The curve inside the entry mimics a curve on the exterior of Whitney and Alexander Hall’s home on a wooded hillside near Maffitt Reservoir. Architect Brent Buck “wanted to juxtapose the blockiness of the exterior against the detail as you come inside the house,” says Whitney. Stairs on both sides of the house lead to the partially finished basement.

Corrugated metal walls eliminate exterior upkeep concerns for the Halls. “We really liked how this modern and industrial choice ended up fitting in the landscape,” Whitney says. At first the couple wanted a pitched roof, but they moved to a flat one instead; it hides cup-like structures that direct water flow. A retaining wall of oversized bricks helps to delineate home from landscape.

In the living area, a Morso wood-burning fireplace offers both design and functionality; it’s a Danish brand that’s been in existence since 1853. Barnum Floors installed the white oak floors, which are burnished by a Bona finish and topped with a rug from West Elm.

The Halls dug deep into every element in the home, thinking about fluidity and integrating details. There are no blinds or shades on the expansive windows and doors, for example. “Nothing affects the light as the sun moves around the house,” Whitney says.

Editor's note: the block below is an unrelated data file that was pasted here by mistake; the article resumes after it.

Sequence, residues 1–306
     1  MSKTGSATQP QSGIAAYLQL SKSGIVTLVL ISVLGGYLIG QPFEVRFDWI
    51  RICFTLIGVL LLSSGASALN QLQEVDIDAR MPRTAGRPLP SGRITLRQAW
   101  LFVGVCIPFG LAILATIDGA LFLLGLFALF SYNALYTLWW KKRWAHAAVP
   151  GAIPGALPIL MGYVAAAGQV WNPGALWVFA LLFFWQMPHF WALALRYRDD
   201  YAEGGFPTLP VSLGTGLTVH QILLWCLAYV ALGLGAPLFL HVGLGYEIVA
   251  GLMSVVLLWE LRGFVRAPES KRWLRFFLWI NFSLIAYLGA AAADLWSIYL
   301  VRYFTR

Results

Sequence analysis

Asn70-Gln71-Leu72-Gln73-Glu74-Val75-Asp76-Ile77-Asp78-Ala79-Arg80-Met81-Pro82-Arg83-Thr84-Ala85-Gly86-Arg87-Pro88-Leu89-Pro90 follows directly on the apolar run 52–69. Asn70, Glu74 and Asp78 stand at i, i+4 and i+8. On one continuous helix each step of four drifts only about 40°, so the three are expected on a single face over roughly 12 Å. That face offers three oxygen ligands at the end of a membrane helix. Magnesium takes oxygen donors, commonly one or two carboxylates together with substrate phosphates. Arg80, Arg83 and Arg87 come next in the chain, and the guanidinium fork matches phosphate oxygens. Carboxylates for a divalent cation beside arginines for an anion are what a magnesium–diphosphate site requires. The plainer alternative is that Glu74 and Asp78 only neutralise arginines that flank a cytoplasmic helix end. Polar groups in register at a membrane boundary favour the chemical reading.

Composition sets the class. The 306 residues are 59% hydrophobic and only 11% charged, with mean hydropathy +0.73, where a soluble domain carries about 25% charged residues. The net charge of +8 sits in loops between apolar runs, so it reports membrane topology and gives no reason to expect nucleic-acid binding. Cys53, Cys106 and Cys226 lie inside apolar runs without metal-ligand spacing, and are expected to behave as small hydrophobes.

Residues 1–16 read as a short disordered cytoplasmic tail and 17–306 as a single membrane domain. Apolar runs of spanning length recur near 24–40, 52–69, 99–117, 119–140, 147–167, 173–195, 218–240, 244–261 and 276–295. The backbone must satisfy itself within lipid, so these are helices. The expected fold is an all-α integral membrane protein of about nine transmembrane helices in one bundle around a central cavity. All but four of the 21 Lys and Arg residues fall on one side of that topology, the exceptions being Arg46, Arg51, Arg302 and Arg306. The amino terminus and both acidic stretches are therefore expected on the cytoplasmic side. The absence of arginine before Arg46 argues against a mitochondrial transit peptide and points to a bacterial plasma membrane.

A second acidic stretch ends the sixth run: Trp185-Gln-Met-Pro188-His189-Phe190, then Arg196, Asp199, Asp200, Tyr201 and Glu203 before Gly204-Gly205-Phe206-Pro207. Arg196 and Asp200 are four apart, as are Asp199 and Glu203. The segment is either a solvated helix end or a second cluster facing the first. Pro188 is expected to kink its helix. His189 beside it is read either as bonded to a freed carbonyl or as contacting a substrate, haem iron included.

The collection in the dining room includes a custom table, designed by the couple’s architect and built by Andy Boyce of the Wooden Kitchen in New Virginia, Iowa; antique Hans Wegner chairs; and lighting from Montreal-based Lambert and Fils. The clean lines that distinguish the home continue in the kitchen with the custom-made cabinetry and an integrated refrigerator from Fisher and Paykel. Behind the white doors are a pantry, coat closet and powder room.

Whitney’s favorite space is the open living area: “I can be cooking and my daughter is right there playing—we’re living in it as a family, not as separate entities in the house.” The Halls and their architect depended on craftspeople to execute their thoroughly planned details, such as vents integrated into the wood floor. “The house is so comfortable no matter the season,” she says. “There’s a sense of peace and calmness when we go home.”


Skylights in the master bathroom let in plenty of sunlight throughout the day. The Halls used a custom terrazzo mix (detail, below) in the bathroom, a textural counterbalance to the dramatic but refined use of wood throughout. The Victoria and Albert bathtub echoes the home’s overall sleek sophistication.

The house responds to the modern needs of the family, with built-in storage, for example, in everything from the master shower to the kitchen and entry. 

“In the interior, we chose things that were comfortable,” says Whitney, “but it still has to be lived in, so we chose elements that were modern but thoughtful.”

The white-oak millwork was custom-made, a reflection of the couple’s commitment to invest in the details. “It wasn’t so much about creating rooms, but about creating the finish,” Whitney says. Start to finish, the design and build process took about two years.